What is the resale value of my condominium if every dog owner refused to purchase any unit prohibiting dogs?

Ask an Economist

I live in a condominium which, some time ago, changed the rule from permitting dogs to one that forbade them unless grandfathered. I researched the issue a bit and discovered that 39% of households owned one or more dogs. I don't recall the source; don't know the veracity but I wonder how to calculate what impact that would have on the resale value of my condominium if every dog owner refused to purchase any unit prohibiting dogs. (I know that that's not 100% true. Just looking for a starting point.)


It seems there are two markets for condominiums: units that allow dogs (Market Dog) and units that do not (Market Sad). My black lab mentioned that the latter group are probably sad folks. OK – my econ jokes in class aren’t any better.

On the demand side, you have two different consumers: consumers with dogs and consumers without dogs. Consumers without dogs can buy from either Market Sad or Market Dog. Assuming everyone follows the rules, consumers with dogs can only buy from Market Dog. If someone with a dog wanted to move into Market Sad, they would have to give up their dog or find a long-term home for their dog, effectively making that consumer a non-dog owner.

Unless the dog owners are willing to give up their dog, they are already refusing (or prohibited) to buy a unit that does not allow dogs. Therefore, there would not be a change in the market price, since this is already worked into the two prices.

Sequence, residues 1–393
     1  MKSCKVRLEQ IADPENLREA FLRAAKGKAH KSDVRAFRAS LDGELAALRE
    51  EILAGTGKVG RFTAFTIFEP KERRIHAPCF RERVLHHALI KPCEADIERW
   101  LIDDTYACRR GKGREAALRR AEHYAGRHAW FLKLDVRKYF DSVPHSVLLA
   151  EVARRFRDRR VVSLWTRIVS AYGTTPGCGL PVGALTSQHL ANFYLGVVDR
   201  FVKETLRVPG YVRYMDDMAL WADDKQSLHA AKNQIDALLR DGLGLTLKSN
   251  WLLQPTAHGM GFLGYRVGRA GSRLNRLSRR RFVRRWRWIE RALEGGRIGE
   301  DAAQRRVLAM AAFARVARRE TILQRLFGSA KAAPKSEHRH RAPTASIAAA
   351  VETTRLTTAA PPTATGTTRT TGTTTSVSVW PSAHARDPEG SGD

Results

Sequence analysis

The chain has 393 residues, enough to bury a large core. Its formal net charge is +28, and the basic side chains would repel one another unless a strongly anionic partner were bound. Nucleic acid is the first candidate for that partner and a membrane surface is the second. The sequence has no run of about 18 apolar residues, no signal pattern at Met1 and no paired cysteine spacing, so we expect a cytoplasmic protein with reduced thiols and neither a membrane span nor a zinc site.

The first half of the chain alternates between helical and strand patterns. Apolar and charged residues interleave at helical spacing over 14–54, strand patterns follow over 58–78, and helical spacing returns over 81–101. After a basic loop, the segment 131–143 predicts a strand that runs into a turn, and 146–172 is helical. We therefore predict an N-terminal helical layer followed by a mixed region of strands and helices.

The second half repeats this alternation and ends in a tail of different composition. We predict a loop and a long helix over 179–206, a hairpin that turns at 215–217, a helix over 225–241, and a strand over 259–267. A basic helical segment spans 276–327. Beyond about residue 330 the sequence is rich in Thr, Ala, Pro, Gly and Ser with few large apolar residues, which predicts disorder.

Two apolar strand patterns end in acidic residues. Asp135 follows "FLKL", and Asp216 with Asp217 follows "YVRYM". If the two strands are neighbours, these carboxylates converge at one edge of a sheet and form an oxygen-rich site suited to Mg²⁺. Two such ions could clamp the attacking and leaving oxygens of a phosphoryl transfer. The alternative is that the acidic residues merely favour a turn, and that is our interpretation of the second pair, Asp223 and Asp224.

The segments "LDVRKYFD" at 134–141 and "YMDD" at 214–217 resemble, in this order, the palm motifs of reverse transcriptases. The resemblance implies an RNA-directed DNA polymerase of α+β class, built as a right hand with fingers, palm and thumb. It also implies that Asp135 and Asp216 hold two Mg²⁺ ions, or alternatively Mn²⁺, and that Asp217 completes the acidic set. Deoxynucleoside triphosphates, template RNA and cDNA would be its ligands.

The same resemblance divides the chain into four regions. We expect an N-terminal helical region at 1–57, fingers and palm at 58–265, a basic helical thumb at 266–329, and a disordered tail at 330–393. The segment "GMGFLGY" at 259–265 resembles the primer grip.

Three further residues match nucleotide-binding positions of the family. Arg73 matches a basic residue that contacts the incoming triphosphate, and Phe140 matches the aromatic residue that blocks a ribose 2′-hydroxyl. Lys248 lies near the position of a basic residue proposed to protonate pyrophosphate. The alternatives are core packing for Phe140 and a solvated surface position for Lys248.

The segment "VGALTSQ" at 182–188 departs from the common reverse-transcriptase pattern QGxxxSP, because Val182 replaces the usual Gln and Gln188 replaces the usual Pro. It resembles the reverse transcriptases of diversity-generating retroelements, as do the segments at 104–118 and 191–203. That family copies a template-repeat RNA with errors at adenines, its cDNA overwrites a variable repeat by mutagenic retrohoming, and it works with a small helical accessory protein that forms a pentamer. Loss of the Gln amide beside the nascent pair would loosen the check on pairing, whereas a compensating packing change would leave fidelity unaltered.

Since the owner(s) of the condominium changed the rules to prohibit dogs, one can ask if there was a financial incentive to doing that? Are there enough non-dog owner consumers that only want to live in Market Sad?   

One idea to test this would involve a lot of data collection. Ideally, you’d gather data on the selling price of condos along with other characteristics (sq feet, level of finish, e.g., quartz countertops), amenities offered (pool, garage, etc), area characteristics (number of restaurants, crime rate, etc.) and, most important, does the unit allow dogs. Additional information to understand the availability (price) of substitutes would be helpful, such as the number of condo units listed at the time of sale or the average selling price of other condos the during the month of sale, etc. If you had enough observations (1 obs = 1 sale – here think 1,000’s of condo sales, not 10-20), you could run a regression to see if the market price for units that allow dogs have higher or lower prices, when controlling for the other characteristics.

A study similar to the above outline was conducted. https://digital.sandiego.edu/cgi/viewcontent.cgi?article=1131&context=osp-researchweek . However, the results would be specific to the market and time period. 

Levitt and Syverson (Jan 2005 - https://www.nber.org/papers/w11053.pdf) examine housing prices in Chicago, studying if using a real estate agent results in a higher price. If you read Freakonomics, you may recall this research. Bernheim & Meer (Jan 2012 https://www.nber.org/papers/w13796) also studied real estate price differences. 

Answered by:
Dr. Darin Wohlgemuth
Associate Teaching Professor
Last updated on January 4, 2021